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The future of a historic bridge in Highland Perthshire is looking a lot brighter following a £15,000 grant from SSE's Griffin and Calliachar wind farm community investment fund.

The Logierait Bridge, located near the ancient village of Logierait in Highland Perthshire, crosses the River Tay and provides a vital local link between the two banks of the river for the surrounding communities. The use of the bridge can reduce the journey to villages on the south side of the river by up to seven miles. The savings for local residents and business are estimated at £100,000 a year in diversion costs.

The bridge is one of the few open lattice girder viaducts left in Scotland and is formally listed as a structure of national historic and architectural significance. It is also the only community-owned ex-railway bridge in the country.

John Fry from the Logierait Bridge Company said: “Logierait Bridge was built in 1865 to carry passenger trains across the River Tay, it operated as a railway bridge until 1964 when it was closed as part of the Beeching cuts. It is now owned and maintained by the community, a fact that is not widely known.  Up to 200 vehicle crossings a day have been recorded - not to mention cyclists who use it as part of the Sustrans National Cycle Network.  Major repairs to the running surface are urgently needed and we were delighted to learn that our application to the Griffin and Calliachar fund has been successful. Logierait Bridge is an important part of our heritage and is widely used by the locals and the wider public. A big thank you to SSE and the community panel.”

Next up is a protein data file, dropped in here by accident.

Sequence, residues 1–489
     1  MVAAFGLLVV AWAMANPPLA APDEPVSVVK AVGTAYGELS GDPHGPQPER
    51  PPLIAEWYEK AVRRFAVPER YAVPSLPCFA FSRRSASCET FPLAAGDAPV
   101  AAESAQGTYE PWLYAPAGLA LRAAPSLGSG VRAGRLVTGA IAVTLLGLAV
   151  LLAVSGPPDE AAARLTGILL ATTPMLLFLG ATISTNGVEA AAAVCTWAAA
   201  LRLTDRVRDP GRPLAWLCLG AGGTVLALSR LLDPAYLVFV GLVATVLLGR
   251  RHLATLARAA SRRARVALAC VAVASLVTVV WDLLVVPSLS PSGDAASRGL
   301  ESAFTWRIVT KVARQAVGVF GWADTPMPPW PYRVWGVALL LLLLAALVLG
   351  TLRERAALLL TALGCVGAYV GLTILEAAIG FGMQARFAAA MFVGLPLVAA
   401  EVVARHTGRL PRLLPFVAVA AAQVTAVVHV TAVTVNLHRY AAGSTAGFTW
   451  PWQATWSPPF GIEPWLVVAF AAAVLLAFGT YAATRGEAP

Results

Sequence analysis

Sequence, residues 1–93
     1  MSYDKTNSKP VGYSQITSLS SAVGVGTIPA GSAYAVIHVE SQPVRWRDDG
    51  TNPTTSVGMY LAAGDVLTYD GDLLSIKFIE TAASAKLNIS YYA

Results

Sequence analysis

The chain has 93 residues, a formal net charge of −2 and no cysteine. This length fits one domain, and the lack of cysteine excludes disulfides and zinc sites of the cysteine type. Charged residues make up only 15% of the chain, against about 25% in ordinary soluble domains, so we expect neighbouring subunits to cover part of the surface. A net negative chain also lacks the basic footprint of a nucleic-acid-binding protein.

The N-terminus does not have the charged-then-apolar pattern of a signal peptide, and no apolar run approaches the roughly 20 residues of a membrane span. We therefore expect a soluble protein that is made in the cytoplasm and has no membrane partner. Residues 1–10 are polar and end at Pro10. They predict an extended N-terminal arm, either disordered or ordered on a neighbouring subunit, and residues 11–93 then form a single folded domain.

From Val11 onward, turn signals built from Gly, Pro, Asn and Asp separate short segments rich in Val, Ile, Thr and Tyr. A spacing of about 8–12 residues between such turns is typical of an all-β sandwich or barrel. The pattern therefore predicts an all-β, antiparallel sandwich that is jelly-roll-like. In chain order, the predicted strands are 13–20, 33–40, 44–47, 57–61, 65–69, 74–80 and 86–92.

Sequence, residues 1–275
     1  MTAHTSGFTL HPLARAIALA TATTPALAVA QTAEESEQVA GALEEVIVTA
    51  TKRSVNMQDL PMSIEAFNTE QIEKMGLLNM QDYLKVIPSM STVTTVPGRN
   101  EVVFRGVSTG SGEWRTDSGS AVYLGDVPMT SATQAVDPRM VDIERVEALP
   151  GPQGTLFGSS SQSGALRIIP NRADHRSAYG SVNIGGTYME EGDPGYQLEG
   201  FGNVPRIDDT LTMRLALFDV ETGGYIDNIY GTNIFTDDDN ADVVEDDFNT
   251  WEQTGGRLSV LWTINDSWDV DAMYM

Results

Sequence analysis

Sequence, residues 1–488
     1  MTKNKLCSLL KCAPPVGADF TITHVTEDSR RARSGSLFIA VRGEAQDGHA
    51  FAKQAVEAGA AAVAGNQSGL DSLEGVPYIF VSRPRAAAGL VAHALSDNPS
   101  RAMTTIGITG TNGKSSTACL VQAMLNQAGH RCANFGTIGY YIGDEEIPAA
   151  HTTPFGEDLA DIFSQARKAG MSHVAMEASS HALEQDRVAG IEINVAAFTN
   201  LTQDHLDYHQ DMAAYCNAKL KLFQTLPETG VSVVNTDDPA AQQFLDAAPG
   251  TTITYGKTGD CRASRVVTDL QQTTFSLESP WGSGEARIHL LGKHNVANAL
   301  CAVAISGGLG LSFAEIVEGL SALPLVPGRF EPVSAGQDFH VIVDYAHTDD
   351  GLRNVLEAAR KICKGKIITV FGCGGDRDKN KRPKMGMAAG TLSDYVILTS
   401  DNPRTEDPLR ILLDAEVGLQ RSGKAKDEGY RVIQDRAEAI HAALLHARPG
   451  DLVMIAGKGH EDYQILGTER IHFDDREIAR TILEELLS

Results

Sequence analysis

Local Councillor and Trustee of the Logierait Bridge Committee, Kate Howie said: “The Logierait Bridge is such an asset to the Community and visitors alike and with this vital boost we hope that it will encourage users to support the volunteers and ensure the long term sustainability of the Bridge.”

The Griffin and Calliachar fund, provided by SSE, has an annual value of approximately £450,000 for community and charitable projects in Aberfeldy, Dull and Weem, Dunkeld and Birnam, Kenmore and District, and Mid Atholl Strathtay and Grandtully. Over the 25 year lifespan of the two wind farms, at least £15 million will be invested in the benefit area. Decisions on how the money is allocated are made by an independent panel of local people.